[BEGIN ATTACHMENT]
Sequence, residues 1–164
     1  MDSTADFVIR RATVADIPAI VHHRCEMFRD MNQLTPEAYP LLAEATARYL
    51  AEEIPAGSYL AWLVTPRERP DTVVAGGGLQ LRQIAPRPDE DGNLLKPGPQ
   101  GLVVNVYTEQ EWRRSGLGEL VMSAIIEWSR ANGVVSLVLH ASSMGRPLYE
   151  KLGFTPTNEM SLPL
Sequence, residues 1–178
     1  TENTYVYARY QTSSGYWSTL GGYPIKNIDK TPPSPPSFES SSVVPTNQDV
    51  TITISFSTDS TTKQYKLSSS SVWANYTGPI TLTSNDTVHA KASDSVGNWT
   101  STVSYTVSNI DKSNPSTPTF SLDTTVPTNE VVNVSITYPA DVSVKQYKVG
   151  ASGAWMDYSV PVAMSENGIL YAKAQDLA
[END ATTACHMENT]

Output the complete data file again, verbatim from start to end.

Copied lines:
Sequence, residues 1–164
     1  MDSTADFVIR RATVADIPAI VHHRCEMFRD MNQLTPEAYP LLAEATARYL
    51  AEEIPAGSYL AWLVTPRERP DTVVAGGGLQ LRQIAPRPDE DGNLLKPGPQ
   101  GLVVNVYTEQ EWRRSGLGEL VMSAIIEWSR ANGVVSLVLH ASSMGRPLYE
   151  KLGFTPTNEM SLPL
Sequence, residues 1–178
     1  TENTYVYARY QTSSGYWSTL GGYPIKNIDK TPPSPPSFES SSVVPTNQDV
    51  TITISFSTDS TTKQYKLSSS SVWANYTGPI TLTSNDTVHA KASDSVGNWT
   101  STVSYTVSNI DKSNPSTPTF SLDTTVPTNE VVNVSITYPA DVSVKQYKVG
   151  ASGAWMDYSV PVAMSENGIL YAKAQDLA